Inches below the surface of the stained water, is an intimidating minefield of stumps and decaying timber. Endless acres of aquatic shallows are choked by hydrilla, coontail, pond weed, deertounge grass, lily pads, and alligator weeds. The locals call it “The Jungle”.
Even if a visiting angler was warned by the native residents to stick to the river channels when up on plane, and been wisely cautioned to crawl through the menacing jungle to preserve their bass boat’s gelcoat from submerged wood; it would only take a few minutes for the average crankbait enthusiast to conclude that weedless jigs and plastics might be a wiser choice. And they would be… wrong! At least according to veteran guide, Mike Siefert.
Welcome to Millwood Lake, Arkansas. It is described as a 29,260-acre lake that “meanders through timber, marshes, and oxbow cutoffs making it a ‘tree-filled’ fishing haven”, but only 5000 acres are open water, predominately near the dam. Boat lanes, (mostly the old river channels), lead the way through the rest of its timbered waters.
No one is more surprised than Mike Siefert’s clients, when their guide hands them a rod with a lipless crankbait tied on. Correction; it’s not a “lipless crankbait” – because in Mike’s vocabulary there is a better word – Rat-L-Trap! This diehard fan of Bill Lewis’ rattling flat-sided baits won’t throw anything but a “Trap”, as he affectionately calls it. “I couldn’t tell you the thousands of bass that we’ve caught on Rat-L-Traps, …and I couldn’t tell you the hundreds of bass we’ve caught between 8 to 12 pounds!”
Obviously Mike isn’t instructing his clients to throw their Rat-L-Trap into the obvious soup of thick underwater vegetation. Obtaining suitable casting locations for lipless crankbaits in the jungle, has only come about as a result of Mike’s keen understanding of the lake, having fished it for over forty years.
“Millwood’s stain comes primarily from the decaying composition.” Mike explains. “Tannic acid from the decaying timber tends to make the water a coffee or tea color.” And as a biology and chemistry major that retired early from corporate industry, Siefert ought to know. With a gentle southern drawl, he explains that most of the timber is fallen and submerged, having rotted off at the water’s surface. “So it’s just a mine field of stumps – you know, outside of the river channels and boat lanes.”
Built by the Army Corp of Engineers in the late 60’s for flood control, his home lake boasts having the longest earthen dam in the state, making the reservoir unusually wide and shallow. “The average depth of the lake outside the river channels is not more than 6-8 feet.” Which is what makes the boundaries between the jungle and those river channels and boat lanes ‘the key’ to busting big bass on lipless crankbaits.
“There remain stumps all up and down the river where the old tree line used to be adjacent to the river.” Where does he instruct his client to throw their Rat-L-Traps? “In between the tree lines, where the stump line is, and where the grass and the weeds start.”
“These huge Florida bass will use weeds just like deer use a tree line or a fence row. The river is just a highway, like Interstate 10, 20, 30, or 40. The intersecting creek channels and swings, are just like state highways that intersect the interstate. And the bass travel parallel to where those walls are, just like a deer will use a tree line or a fence line and walk right beside it. The fish will travel parallel to those reed or weeds. And if they feel threatened they’ll do one of two things; they’ll either go to deep water – that’s their sanctuary – or they’ll back up into the weedline with nothing but their nose and eyes sticking out… for protection and cover.”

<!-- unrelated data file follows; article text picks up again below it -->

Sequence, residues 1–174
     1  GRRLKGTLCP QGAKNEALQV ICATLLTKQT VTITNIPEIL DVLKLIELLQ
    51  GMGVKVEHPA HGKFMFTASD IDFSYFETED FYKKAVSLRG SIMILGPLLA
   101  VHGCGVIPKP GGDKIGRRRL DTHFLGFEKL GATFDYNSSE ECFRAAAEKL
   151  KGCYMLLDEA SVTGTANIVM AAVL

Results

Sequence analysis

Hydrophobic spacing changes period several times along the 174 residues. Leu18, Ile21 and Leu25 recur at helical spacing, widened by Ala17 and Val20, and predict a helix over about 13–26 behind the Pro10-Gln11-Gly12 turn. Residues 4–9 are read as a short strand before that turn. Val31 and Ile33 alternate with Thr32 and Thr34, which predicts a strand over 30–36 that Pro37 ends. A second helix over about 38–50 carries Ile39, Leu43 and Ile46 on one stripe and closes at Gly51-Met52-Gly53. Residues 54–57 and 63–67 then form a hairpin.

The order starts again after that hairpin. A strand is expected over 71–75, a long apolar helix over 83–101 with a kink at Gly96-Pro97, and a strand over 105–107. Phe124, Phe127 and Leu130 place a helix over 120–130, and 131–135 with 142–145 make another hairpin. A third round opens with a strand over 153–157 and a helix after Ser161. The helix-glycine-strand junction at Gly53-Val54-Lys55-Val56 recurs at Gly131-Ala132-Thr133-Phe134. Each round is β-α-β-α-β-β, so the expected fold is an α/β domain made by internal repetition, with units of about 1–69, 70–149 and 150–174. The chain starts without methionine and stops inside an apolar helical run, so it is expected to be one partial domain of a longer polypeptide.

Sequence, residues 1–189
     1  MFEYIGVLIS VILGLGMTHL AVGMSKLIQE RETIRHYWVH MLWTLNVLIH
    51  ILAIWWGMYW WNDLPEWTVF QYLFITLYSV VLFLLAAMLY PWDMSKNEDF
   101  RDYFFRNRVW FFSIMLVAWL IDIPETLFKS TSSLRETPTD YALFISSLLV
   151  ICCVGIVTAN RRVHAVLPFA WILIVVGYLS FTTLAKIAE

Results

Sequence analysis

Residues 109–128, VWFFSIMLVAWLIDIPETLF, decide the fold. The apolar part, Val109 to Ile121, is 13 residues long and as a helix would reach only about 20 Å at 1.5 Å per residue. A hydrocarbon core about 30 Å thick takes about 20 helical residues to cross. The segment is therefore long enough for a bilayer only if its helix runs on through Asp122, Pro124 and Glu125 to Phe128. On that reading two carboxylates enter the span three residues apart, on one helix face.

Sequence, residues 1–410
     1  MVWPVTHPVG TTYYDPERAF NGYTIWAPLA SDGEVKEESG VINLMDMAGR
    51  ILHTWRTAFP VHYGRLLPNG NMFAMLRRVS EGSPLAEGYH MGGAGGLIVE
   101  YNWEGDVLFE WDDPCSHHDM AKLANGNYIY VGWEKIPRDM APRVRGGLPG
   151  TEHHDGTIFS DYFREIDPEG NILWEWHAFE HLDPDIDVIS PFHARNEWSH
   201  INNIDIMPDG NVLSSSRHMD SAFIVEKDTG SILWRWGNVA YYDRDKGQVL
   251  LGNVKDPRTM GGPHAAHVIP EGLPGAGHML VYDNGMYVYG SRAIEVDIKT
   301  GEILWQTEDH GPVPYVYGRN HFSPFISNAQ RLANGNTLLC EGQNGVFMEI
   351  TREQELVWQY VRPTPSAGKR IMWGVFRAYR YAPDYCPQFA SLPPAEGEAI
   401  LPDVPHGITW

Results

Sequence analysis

“Normally, if you hook a good fish, (6, 7, or 8 pounds or better), in shallow water, you’ll notice that fish will immediately go to deep water. A big fish always heads to deep water first because that’s where he feels the most secure. So I’ll fish parallel to the old submerged river bank; either inside or outside the stump-line.”
But knowing where the bass hang out is only the first step in putting his clients on quality fish using lipless crankbaits. Teaching “presentation” is Mike’s primary objective. His goal is to help the client gain confidence in lipless cranks, “And there are a bunch of different techniques that you can implement on a Rat-L-Trap.”
Naturally, the time of year affects the presentation chosen. “Typically September is still summer for us. Fall patterns don’t happen until October,” Mike explains. “The bass are still doing the same thing they have been doing June, July and August.”
The summer conditions are largely responsible for the heavier concentrations of fish along the old river banks. “Four rivers feed Lake Millwood, and in September the surface water temperature is still in the upper 80’s. And if you’re not fishing where you have access to deeper water, (where the thermocline will be), you‘re not going to catch a lot of fish all day long in 2 or 3 feet of water with it being 85 or 90 degrees.”
“It’s like sitting at home – are you going sit in the garage where it’s 90 degrees or are you going to go in your air-conditioned house where it’s 70 degrees? Those fish are the same way, and cooler water also holds more oxygen than hot water. It’s much easier for them to breathe, less stressful, and more of a comfort zone.”
TECHNIQUES FOR BEGINNERS
What Rat-L-Trap techniques will he suggest first? That depends on his clients, who bring with them “…every level of experience from 8-9-year-old kids to 80-year-old seniors.” When asked to start with beginners in mind, Mike’s advice was straight forth and practical.
“Well, first of all I’m going to say to a beginner, ‘Patience is a virtue’. You are not going to catch a fish on every cast, (unless the fish are boiling and schooling on the top of the water all around you). Normally, when the water is calm, it takes a lot of patience.”